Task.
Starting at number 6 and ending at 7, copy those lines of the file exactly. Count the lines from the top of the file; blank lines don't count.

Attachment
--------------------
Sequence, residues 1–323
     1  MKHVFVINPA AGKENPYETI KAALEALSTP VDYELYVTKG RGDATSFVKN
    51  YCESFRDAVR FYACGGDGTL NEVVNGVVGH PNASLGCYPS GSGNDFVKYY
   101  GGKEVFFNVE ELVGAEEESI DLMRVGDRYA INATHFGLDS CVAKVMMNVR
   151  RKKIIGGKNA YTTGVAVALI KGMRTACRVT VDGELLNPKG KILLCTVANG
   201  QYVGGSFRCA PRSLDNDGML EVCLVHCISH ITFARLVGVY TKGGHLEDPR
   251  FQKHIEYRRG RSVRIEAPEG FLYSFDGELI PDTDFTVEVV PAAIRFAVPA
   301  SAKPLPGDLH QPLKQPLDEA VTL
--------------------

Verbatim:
   201  QYVGGSFRCA PRSLDNDGML EVCLVHCISH ITFARLVGVY TKGGHLEDPR
   251  FQKHIEYRRG RSVRIEAPEG FLYSFDGELI PDTDFTVEVV PAAIRFAVPA